The third row focuses on ‘inefficiency’, particularly on ‘suboptimal borrowing and lending rates due to inflated costs’ in traditional finance, while Aave’s solution (row 3, column 2) is “interest rates pooled and optimized in an algorithmic manner”.

New risks

The authors were careful to remind readers that “all innovative technologies introduce a new set of risks.” In the case of DeFi, these are plentiful, including smart contracts, governance, oracle, scaling, DEX custody, environmental and regulatory risks.

“Software is particularly vulnerable to hacks and developer malpractice,” the authors wrote, while recent bZx and DForce hacks “demonstrate the fragility of smart contract programming.”

Among these new threats, the “oracle risk” occupies a particularly important place. DeFi protocols require access to accurate and secure price information to ensure the proper functioning of actions such as liquidations and prediction market resolutions. “Basically, oracles aim to answer the simple question: How can off-chain data be safely reported on-chain? Yet all online oracles as they are currently constituted “are vulnerable to front-running, and millions of dollars have been lost to arbitrageurs,” they wrote, adding:

“Until oracles are native to the blockchain, hardened, and proven resilient, they pose the greatest systemic threat to DeFi today.”

Identify “marginalized groups”

“This book is fundamentally about financial democracy,” co-author Harvey told Cointelegraph. The book’s preface, written by a figure no less important than the creator of Ethereum, Vitalik Buterin, reminds readers that “financial censorship continues to be a problem for marginalized groups”, especially in developing countries – That’s why DeFi is important.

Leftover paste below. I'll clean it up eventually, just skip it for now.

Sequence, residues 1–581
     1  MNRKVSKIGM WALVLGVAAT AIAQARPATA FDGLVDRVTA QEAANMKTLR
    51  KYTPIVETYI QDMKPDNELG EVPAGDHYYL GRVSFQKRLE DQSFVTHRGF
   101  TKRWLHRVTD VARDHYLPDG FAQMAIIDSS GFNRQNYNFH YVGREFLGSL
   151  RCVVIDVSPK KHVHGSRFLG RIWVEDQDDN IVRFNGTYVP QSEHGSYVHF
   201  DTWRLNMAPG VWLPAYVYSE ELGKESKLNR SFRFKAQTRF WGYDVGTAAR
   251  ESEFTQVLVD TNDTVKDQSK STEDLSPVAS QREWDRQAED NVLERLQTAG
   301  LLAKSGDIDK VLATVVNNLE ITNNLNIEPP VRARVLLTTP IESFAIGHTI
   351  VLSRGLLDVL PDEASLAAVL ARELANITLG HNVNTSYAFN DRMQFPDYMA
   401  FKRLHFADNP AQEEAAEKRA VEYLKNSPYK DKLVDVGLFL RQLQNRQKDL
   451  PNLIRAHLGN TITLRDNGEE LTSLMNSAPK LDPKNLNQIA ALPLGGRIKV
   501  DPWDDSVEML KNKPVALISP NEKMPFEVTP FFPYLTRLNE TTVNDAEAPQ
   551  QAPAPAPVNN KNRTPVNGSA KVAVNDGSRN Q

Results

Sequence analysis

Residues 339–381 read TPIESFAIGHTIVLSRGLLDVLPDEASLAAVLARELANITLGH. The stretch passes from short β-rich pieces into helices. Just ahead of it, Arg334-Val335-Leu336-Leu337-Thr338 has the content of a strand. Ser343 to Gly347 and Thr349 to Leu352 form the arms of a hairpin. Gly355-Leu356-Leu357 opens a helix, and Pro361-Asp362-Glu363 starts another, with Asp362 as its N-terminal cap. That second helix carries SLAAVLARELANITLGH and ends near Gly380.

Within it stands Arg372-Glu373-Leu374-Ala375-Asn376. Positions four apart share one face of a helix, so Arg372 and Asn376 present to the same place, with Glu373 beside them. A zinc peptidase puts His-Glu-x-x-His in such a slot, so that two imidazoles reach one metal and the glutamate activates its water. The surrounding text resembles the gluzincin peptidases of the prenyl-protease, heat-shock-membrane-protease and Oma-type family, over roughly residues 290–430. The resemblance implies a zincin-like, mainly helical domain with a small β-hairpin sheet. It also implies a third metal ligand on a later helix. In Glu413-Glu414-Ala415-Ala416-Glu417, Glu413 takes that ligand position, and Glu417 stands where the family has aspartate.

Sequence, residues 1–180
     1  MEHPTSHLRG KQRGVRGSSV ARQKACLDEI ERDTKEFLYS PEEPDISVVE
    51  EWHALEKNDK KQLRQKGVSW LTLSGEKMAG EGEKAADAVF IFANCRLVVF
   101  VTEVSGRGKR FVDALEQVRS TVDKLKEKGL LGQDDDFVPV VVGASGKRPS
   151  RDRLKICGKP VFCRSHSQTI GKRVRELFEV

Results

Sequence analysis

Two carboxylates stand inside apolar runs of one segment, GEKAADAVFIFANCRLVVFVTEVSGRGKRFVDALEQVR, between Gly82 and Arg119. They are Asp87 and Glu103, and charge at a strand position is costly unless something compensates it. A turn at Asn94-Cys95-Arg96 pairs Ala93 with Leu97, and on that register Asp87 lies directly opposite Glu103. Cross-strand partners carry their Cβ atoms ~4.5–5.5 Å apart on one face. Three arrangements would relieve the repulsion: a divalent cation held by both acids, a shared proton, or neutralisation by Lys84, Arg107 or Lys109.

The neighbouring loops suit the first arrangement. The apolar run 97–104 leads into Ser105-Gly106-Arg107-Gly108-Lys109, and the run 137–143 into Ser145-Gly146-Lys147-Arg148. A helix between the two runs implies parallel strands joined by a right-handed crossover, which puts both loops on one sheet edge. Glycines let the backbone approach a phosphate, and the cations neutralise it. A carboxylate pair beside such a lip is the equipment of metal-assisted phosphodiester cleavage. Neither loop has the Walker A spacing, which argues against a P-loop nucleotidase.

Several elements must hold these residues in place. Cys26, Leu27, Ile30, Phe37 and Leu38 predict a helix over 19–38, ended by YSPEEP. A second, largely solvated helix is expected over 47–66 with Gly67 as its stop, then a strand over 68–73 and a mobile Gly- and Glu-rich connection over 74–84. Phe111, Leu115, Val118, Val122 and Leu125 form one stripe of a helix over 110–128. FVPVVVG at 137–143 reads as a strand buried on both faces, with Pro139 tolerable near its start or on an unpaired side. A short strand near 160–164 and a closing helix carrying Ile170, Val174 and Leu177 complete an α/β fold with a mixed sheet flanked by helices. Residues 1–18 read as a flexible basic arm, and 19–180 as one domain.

The average reader may find this book a bit technically heavy, however. The graphs include superlinear and logistic / sigmoid bond curves, for example, which may protrude from some heads. Those who want to know how a flash loan actually works will find it useful; the book’s glossary is comprehensive and useful.

Related: DeFi: a complete guide to decentralized finance

It would have been enlightening, however, to learn more about how DeFi was starting to change the world, such as offering banking services to the unbanked or insurance to the uninsured – although that may be beyond the scope of the book.

One might wonder what percentage of the world’s “unbanked population” actually benefits from “yield farming,” a still esoteric DeFi process that the authors nonetheless cite as an example of how DeFi provides access to “those who need it”. need financial services. but that traditional finance leaves behind. Not too much, we can guess.

Sadly, the DeFi world still seems to focus today on how to leverage or arbitrate between markets rather than solving the problems of the world’s poor. The book also doesn’t devote much ink to defending DeFi against criticism in the mainstream business press such as the Wall Street Journal., Who Noted in September that DeFi “was bringing casino capitalism to the crypto masses.”

This is not the authors’ vision of the future. On the contrary, they see DeFi as “the scaffolding of a radiant new city. […] Finance becomes accessible to all. Great ideas are funded, no matter who you are. A $ 10 transaction is treated the same as a $ 100 million transaction. Savings rates rise and borrowing costs fall as unnecessary middle layers are removed. Ultimately, we see DeFi as the biggest opportunity of the next decade and look forward to the reinvention of finance as we know it. “

These are laudable goals, although they are unlikely to be achieved in the immediate future. Until then, this book should be of interest to anyone looking to unravel the inner workings of DeFi.